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The Effect of Exercise on Cognition in Older Adults At-risk for Diabetes: A Feasibility Pilot Study

The safety and scientific validity of this study is the responsibility of the study sponsor and investigators. Listing a study does not mean it has been evaluated by the U.S. Federal Government. Know the risks and potential benefits of clinical studies and talk to your health care provider before participating. Read our disclaimer for details. Identifier: NCT03254381
Recruitment Status : Recruiting
First Posted : August 18, 2017
Last Update Posted : January 18, 2019
Information provided by (Responsible Party):
Lindsay Nagamatsu, Western University, Canada

Brief Summary:
Older adults with type 2 diabetes experience cognitive decline and are at higher risk for developing dementia. Consequently, older adults at-risk for developing type 2 diabetes (based on body mass, glucose levels) are at higher risk for cognitive decline, and intervening at this point may prevent or delay the onset of such decline. One promising lifestyle intervention that has been shown to improve cognitive function in other populations is exercise. However, before investigators can examine whether exercise will improve cognitive function and brain health (structure and function) in this at-risk population, a feasibility pilot study is needed to determine whether a larger-scale trial would be viable.

Condition or disease Intervention/treatment Phase
Cognitive Impairment Behavioral: Resistance Training Behavioral: Balance and Tone Training Not Applicable

Detailed Description:
Investigators will conduct a six-month randomized control trial (RCT) exercise intervention. Thirty older adults (aged 60-80) at-risk for diabetes will be randomly assigned into one of two groups: 1) Resistance training, or 2) Balance and Tone training (control). All participants will engage in three one-hour exercise classes per week. Once a month, a neutral assessor will visit the classes to evaluate the quality of the classes for participants. Assessments will be made at baseline, midpoint (three months) and trial completion (six months), and will include cognitive testing, health questionnaires, physical testing, and magnetic resonance imaging (MRI; to assess structural and functional brain changes). Throughout the study, investigators will examine data for trends in successful recruitment strategies and rates of recruitment and adherence to inform future clinical trials in this population. Research assistants (n = 30) in the study will complete an anonymous feedback survey upon completion of their volunteer term, to assist in improving the study for future participants and volunteers.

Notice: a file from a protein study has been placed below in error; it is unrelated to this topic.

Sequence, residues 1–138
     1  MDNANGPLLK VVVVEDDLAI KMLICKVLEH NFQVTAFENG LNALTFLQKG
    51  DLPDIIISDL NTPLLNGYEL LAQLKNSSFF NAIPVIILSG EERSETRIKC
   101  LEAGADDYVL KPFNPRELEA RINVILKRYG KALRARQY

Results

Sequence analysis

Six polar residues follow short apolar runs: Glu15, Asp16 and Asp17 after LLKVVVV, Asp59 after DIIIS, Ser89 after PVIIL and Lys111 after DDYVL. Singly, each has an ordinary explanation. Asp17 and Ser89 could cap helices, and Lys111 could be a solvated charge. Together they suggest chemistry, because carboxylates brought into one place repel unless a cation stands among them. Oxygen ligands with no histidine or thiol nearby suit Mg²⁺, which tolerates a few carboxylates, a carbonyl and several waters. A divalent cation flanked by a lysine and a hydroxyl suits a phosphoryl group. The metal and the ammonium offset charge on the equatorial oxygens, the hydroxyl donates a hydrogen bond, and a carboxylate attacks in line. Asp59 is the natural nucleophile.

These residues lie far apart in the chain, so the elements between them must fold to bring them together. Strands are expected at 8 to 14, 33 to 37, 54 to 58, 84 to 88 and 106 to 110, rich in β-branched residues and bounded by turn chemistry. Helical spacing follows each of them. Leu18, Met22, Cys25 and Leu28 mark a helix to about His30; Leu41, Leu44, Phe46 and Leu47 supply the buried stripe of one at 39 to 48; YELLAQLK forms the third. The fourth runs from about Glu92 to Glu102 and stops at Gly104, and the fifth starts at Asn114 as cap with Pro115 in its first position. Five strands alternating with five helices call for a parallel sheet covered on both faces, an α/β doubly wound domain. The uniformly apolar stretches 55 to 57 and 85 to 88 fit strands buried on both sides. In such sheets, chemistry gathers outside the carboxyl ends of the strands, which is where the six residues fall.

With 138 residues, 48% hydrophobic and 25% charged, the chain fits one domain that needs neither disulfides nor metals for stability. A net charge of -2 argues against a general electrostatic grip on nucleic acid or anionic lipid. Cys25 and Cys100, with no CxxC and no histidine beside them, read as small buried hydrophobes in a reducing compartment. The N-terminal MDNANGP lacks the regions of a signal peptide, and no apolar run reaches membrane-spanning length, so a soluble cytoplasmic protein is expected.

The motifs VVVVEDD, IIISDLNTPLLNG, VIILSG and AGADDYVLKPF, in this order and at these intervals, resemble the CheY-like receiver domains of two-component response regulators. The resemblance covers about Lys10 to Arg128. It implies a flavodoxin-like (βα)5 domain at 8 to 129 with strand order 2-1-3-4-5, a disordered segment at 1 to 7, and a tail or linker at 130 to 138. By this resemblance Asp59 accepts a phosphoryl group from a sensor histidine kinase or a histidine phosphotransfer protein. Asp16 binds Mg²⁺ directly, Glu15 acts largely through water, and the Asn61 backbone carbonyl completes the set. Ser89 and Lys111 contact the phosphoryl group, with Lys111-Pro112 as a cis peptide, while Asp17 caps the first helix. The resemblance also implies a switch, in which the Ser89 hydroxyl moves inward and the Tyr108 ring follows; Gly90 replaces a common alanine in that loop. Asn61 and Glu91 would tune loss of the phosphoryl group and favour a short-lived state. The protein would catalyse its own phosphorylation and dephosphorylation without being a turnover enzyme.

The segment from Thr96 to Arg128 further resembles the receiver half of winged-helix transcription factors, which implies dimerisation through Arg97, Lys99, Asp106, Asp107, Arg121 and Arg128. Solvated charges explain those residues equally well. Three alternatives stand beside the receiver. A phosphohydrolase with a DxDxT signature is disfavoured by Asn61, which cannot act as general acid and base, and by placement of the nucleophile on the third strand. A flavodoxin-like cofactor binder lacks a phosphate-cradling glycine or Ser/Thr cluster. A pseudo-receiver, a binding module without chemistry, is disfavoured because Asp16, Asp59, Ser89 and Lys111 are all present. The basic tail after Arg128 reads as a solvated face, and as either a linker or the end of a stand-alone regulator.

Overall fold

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Study Type : Interventional  (Clinical Trial)
Estimated Enrollment : 30 participants
Allocation: Randomized
Intervention Model: Parallel Assignment
Masking: None (Open Label)
Primary Purpose: Treatment
Official Title: The Effect of Resistance Training on Cognitive Function and Brain Health in Older Adults At-risk for Diabetes: A Feasibility Pilot Study
Actual Study Start Date : November 2, 2017
Estimated Primary Completion Date : June 2019
Estimated Study Completion Date : February 2020

Resource links provided by the National Library of Medicine

Arm Intervention/treatment